It was the twelfth day of my self-imposed home quarantine with eight more days of vanvaas to go. I had recently started field reporting on the coronavirus disease pandemic from the slums and koliwadas (fishing villages) of Mumbai, a hotspot for the virus. Since I have two young kids at home, whom I didn’t want to risk infecting, I packed them and my husband off to my mother-in-law’s house so that I could focus on my reporting without fearing for my family.
In the last four decades of my life, I don’t recall ever being home alone for twenty days with no living being in sight, except some potted plants in my mini-balcony in the suburbs of the concrete jungle, Mumbai. (I have my daily evening chai in the company of my plants as I like to see the leaves display life as they swing gently in the evening sea breeze).
I love my independence, my space. It wouldn’t be incorrect to say my freedom is one of my top priorities. While my kids and my husband were away, the initial days of self-isolation were well- spent visiting the slums and koliwadas in the metropolis to interview urban poor women and understand how the COVID-19 pandemic and the lockdown had impacted their livelihoods and their lives.
Since I have two young kids at home, whom I didn’t want to risk infecting, I packed them and my husband off to my mother-in-law’s house so that I could focus on my reporting without fearing for my family.
But such reporting also has a negative side-effect —— anxiety, and a lingering feeling of hopelessness and helplessness.
And when you are all alone, with no one to share your anxieties with, these feelings can push you into a dark dungeon. You sleep with stories of weak slum children going to bed hungry, or fisherwomen who cannot sleep as they have had no source of income for the last three months. You wake up to the news of more migrant workers dying of heat and exhaustion, or a toddler trying to wake up his dead mother lying on the ground.
So, on the twelfth day of my self-imposed home quarantine, after I had filed my day’s story, and video- called my kids and my husband and felt a bit saner, I shut off my laptop and collapsed on the bed. I wished to think nothing. And wished there was a plug by which I could switch off my mind.
As I lay there, with my eyes closed, my mind travelled (thankfully coronavirus cannot stop that) some two decades back in time, when I had just started my journey as a journalist with a fortnightly in New Delhi. Smiling faces of some ex-colleagues, who eventually became very good friends, flashed in front of my eyes. I knew what I needed to do. I had been planning it for a very long time. May be a year or two.
I picked up my phone, this time not to check the latest tweets, but to call up an ex-colleague, who is a dear friend and also a mentor. He (let me call him S) took the call and from his voice I could gather he was happy to receive my call. There is something about old friends. Even if you connect after months or years, you pick up the conversation from where you had left it last.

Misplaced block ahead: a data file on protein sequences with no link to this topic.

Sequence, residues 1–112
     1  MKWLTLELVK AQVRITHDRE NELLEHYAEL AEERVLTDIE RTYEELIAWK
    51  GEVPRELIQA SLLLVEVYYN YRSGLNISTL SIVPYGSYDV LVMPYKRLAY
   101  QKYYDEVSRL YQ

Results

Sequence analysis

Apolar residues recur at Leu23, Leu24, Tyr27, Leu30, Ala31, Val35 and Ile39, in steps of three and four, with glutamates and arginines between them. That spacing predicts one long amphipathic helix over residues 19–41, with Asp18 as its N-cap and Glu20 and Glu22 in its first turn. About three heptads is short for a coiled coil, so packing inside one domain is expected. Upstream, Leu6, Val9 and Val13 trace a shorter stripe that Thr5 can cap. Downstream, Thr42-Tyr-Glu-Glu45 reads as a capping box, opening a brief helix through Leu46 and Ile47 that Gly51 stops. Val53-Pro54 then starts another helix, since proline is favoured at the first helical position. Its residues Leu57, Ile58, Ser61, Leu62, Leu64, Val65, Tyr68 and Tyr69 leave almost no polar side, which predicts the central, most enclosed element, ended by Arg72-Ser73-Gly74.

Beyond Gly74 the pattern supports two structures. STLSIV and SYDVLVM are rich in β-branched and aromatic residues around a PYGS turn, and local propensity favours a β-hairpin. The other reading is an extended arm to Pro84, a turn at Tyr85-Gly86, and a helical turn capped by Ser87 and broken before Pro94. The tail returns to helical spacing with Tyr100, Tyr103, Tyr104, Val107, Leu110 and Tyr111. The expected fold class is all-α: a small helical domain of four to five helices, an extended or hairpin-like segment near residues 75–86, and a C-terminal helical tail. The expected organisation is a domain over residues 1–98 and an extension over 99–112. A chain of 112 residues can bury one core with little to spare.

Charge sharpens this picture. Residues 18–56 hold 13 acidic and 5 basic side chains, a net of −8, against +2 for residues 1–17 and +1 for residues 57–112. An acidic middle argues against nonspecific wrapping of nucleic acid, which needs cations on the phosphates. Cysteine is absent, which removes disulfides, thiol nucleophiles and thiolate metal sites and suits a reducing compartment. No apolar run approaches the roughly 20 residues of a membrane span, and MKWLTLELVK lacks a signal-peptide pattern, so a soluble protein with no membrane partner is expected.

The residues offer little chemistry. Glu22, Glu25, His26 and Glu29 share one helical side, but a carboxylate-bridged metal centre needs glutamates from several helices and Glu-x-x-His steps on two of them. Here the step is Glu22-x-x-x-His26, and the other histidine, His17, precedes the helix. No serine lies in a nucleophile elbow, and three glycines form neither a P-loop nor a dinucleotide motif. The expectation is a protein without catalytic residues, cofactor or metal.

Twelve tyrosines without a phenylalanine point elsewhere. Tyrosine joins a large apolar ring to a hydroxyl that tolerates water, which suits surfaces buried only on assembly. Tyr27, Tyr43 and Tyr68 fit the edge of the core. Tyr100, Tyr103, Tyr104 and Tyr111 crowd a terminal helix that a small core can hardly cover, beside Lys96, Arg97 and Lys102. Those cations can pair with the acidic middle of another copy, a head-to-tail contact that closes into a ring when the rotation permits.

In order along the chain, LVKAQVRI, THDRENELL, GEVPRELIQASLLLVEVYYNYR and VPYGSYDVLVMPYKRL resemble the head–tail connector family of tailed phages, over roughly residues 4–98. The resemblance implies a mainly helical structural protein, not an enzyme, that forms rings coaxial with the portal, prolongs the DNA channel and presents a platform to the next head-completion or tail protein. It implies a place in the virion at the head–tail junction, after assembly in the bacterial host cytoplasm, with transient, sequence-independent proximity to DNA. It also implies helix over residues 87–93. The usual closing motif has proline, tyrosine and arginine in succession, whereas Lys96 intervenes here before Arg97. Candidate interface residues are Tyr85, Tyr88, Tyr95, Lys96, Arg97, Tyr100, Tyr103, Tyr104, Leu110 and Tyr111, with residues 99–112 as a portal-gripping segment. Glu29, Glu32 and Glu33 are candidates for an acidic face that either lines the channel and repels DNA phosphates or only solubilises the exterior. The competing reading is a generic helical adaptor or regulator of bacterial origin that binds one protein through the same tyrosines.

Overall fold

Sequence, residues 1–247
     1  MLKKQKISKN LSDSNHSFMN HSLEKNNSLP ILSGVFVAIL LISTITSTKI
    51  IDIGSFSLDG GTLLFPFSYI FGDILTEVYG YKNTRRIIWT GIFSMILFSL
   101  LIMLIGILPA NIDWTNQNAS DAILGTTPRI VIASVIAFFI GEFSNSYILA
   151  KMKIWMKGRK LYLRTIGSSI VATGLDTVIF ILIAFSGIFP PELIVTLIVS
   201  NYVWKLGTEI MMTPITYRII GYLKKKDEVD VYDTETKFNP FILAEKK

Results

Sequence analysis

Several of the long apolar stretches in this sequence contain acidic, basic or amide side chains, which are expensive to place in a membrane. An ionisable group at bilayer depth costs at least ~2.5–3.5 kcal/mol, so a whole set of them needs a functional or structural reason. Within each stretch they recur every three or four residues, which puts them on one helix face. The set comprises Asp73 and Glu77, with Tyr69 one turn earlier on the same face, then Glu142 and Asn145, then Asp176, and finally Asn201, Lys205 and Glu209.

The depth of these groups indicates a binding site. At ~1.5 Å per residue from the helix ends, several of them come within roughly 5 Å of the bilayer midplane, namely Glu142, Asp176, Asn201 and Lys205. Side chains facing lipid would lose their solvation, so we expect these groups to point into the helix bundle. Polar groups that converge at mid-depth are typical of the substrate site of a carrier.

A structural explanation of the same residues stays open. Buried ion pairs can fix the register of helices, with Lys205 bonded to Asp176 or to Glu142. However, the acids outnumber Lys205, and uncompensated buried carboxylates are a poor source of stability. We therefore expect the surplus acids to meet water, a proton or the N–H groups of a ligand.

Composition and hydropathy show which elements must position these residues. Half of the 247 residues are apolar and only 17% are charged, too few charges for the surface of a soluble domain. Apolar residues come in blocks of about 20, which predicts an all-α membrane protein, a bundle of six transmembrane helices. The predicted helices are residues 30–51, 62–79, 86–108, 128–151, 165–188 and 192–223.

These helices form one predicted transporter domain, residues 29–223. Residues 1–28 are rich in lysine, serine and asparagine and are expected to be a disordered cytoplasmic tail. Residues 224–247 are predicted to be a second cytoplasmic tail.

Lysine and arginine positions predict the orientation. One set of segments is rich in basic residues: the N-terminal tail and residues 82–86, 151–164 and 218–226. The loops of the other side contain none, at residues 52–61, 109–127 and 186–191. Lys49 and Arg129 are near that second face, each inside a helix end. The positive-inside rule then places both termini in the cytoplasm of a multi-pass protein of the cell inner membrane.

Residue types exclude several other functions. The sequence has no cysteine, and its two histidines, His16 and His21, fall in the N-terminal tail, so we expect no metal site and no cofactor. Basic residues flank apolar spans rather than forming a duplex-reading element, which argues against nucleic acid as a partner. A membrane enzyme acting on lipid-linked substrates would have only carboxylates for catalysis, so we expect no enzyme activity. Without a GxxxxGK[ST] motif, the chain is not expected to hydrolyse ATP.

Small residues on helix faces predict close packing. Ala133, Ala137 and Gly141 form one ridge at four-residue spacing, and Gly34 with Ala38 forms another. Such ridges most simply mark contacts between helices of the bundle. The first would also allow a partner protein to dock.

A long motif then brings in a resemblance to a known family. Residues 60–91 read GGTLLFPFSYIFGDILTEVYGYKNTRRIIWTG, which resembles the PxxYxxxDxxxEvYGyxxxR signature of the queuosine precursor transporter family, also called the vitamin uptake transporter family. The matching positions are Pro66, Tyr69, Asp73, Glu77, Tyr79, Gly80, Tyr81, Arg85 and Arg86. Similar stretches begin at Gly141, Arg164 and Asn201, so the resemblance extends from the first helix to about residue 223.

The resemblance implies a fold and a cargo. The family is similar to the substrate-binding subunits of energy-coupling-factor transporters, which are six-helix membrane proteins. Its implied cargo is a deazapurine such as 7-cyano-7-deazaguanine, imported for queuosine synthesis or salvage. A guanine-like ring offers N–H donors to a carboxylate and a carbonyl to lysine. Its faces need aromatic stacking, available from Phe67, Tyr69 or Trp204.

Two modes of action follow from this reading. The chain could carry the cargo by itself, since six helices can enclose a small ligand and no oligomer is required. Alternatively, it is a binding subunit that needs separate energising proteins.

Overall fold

I poured myself out — my anxieties, my work, traumatic stories, and more.
There is something about a friend-and-mentor. He/she doesn’t just listen, but also calms your mind. As always, S beautifully explained underlying things in life by citing simple examples. Back then, he always had the best of music folder in his computer, which we all used to log into and enjoy. As we ended our telephonic conversation, he sang a few lines of Kabir’s bhajan Bin Satguru Na Rahat and explained its meaning to me.
After I put the phone down, he sent me the link to that bhajan.
In that moment of self-isolation, I realised, once again, how rich our lives are because of our friends.
Positivity breeds positivity. So, I dialled another ex-colleague-cum-friend’s number (let us call him K), whom I had been promising a long conversation for more than a year. We haven’t met in the last one decade.
The next hour was spent talking to K — catching up on our lives, our kids, our work and travel schedule, old jokes, and serious conversations around the pandemic. He hadn’t lost his sense of humour. The conversation finally ended with “Must meet as soon as this COVID-19 pandemic eases a bit … even if with the face masks on”.
As I ended that twelfth day of my self-imposed home quarantine, I realised I had rediscovered a pot of gold — old friendships.
In this pandemic, which has impacted every single thing in our lives, it is becoming increasingly difficult to lead a ‘normal’ life as the ‘normal’ has been redefined, almost overnight. No doubt our families provide us the support we need during difficult times, but friends are also family– the one we choose for ourselves. And friendships have healing power. Don’t believe? Pick up the phone and call up an old friend.